So many research institutions studying so many types of reading behaviour can’t they work together? That is the call in 2021 at Bologna Children’s Book Fair. (Collaboration, who knew that would be a thing?)


Another American court has passed a directive that Ebooks must be made available to Libraries. The Association of American Publishers sees this as a copyright fight. Publishers Weekly takes a look at the implications, meanwhile, tucked in the bottom of the article is a reference to the power of librarians and how quickly they can mobilise.


Kris Rusch has another great post on FOMO- The Fear Of Missing Out and how this can cause writers to jump around trying to please everybody and end up having the joy of writing sucked out of them. Be like the Tortoise.


Charlie Jane Anders has written an interesting breakdown of the  7 wrong lessons creators learned from Game Of Thrones to mark the 10 year anniversary of the first episode and Jan Drexler has one on the promise you make to your readers.  


In The Craft Section,

Using triggers for emotional wounds- Angela Ackerman

Grammarly alternatives- Reedsy- Bookmark

The flat archetype of The Ruler- Archetype Series – K M Weiland- Bookmark


2 Great posts from .-Lucy V Hay 6 ways to make your writing stand out from the crowd and

8 ways to write your novel outline- Bookmark Both


In The Marketing Section,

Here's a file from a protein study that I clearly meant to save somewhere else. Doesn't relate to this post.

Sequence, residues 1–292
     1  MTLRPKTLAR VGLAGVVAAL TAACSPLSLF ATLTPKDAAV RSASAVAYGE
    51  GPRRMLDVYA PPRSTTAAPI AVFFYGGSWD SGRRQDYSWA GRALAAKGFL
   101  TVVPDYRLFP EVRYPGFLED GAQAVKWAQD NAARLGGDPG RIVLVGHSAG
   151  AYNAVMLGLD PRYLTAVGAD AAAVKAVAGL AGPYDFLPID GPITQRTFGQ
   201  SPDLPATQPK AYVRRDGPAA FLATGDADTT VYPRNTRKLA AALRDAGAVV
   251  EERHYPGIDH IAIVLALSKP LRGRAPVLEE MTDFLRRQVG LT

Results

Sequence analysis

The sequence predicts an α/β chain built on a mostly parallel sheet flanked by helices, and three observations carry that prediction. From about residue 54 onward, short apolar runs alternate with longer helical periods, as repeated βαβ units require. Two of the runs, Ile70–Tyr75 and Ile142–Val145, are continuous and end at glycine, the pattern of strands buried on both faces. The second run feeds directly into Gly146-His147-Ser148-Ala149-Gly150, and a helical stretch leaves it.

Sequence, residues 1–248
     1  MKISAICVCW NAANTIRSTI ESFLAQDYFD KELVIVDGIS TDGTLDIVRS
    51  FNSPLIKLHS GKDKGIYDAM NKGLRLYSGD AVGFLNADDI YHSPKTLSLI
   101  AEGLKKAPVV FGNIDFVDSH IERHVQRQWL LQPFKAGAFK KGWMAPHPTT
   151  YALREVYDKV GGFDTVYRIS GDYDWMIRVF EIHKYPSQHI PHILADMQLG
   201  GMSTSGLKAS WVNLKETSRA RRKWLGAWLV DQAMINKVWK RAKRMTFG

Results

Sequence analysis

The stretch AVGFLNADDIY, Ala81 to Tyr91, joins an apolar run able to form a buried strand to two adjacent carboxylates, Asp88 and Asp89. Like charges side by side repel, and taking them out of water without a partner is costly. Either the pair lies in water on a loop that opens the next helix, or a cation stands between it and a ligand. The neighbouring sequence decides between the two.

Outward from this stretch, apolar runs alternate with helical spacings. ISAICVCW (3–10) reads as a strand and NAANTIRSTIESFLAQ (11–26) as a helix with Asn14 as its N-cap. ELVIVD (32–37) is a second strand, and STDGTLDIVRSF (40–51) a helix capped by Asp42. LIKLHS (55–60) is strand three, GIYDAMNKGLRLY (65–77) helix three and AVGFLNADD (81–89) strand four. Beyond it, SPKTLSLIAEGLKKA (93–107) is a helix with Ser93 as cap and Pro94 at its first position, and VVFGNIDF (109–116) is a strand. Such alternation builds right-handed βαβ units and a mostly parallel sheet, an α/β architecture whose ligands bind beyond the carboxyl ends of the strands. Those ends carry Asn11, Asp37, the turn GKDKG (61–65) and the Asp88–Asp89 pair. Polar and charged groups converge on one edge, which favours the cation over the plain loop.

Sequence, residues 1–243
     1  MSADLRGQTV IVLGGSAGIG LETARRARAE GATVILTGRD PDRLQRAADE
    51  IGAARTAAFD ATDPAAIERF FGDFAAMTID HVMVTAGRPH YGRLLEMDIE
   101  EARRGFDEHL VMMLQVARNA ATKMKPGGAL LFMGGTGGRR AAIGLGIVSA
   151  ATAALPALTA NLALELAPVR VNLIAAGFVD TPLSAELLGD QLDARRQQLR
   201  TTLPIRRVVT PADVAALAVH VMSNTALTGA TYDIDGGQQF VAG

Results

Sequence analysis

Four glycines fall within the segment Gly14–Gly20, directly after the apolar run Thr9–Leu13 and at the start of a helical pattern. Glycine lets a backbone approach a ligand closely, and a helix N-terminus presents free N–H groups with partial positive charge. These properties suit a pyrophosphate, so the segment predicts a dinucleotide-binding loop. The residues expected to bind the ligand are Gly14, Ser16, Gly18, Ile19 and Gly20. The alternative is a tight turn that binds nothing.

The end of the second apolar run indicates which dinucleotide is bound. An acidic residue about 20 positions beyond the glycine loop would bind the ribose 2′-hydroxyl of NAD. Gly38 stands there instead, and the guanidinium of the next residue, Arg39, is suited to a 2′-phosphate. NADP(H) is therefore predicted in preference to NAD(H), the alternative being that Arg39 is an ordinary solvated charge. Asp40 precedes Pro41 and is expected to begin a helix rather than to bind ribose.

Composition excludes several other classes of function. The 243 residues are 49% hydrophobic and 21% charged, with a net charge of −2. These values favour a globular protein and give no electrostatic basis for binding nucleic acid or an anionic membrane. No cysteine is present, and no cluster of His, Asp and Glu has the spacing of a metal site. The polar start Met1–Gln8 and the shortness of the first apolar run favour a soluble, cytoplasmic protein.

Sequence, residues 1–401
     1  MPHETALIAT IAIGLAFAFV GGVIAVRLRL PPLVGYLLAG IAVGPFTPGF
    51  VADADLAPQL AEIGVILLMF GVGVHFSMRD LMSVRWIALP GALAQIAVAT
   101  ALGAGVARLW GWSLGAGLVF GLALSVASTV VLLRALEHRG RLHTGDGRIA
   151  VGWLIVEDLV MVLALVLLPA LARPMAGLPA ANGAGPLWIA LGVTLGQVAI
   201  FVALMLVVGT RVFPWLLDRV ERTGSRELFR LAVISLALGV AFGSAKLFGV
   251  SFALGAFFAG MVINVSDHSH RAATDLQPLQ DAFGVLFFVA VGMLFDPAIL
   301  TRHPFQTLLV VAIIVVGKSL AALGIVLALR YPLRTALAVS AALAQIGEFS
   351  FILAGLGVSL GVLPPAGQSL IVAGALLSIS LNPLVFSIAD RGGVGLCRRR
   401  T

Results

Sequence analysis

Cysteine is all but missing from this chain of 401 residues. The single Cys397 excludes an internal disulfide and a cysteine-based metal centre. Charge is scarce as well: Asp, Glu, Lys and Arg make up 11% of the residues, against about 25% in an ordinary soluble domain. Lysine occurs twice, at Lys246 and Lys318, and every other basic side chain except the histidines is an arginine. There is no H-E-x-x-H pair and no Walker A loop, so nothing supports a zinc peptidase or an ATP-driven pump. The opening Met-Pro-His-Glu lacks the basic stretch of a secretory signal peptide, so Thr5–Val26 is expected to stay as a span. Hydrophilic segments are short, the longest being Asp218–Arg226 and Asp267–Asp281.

What is the Clubhouse app and how to use it.- Naomi Nakashima

Authors - be where your readers are- Frances Caballo

How to build your author website- Written Word Media

Leveraging your networks- Sandra Beckwith - Bookmark

2 Great posts from Joanna Penn- Mistakes in book promotion and Marketing your book

Bookmark Both


To Finish,

It’s midway through the middle month in the year. How is it progressing? Sometimes we need a shake-up to get us out of a slump. Edie Melson has 10 strategies to shake your online writer’s presence up.  Ali Luke has a great post on writer motivation with 7 ways to stay motivated with your writing project.

Of course, once you start brainstorming… you may just invent something that will change the world.





Do you want the best of my bookmarked links in a handy monthly newsletter? When you subscribe you will also get a nifty mini book crammed full with marketing notes as a thank you. 

If you like the blog and want to shout me a coffee, hit the coffee button up top. I appreciate the virtual coffee love. Thanks.


Pic: Flickr Creative Commons – Tim Berners Lee- Athanasios Kasampalis

Thursday, November 19, 2020

Profit and Loss


In publishing news this week

A case of a big company crushing the writer… Disney asserts that when they purchased the rights to a contract they did not purchase the obligations and they want a non-disclosure agreement before they even talk about it. The Science Fiction Writers Association is rightly concerned (angry/vitriolic.) Disney can profit off Alan Dean Foster's work and not pay him? How many other writers are in this position? This discussion is taking over the writer internet today with many writers calling Disney out on it.

Draft To Digital has introduced a welcome change to their services. They are now offering payment splitting. If you have collaborated with other authors on a book or a boxset they can split the royalties now. 

The Bologna Children’s Book Fair is moving its dates in 2021 following London Book Fair’s announcement last week. Bologna will now be in June and will be bigger than ever with a new parallel programme running alongside.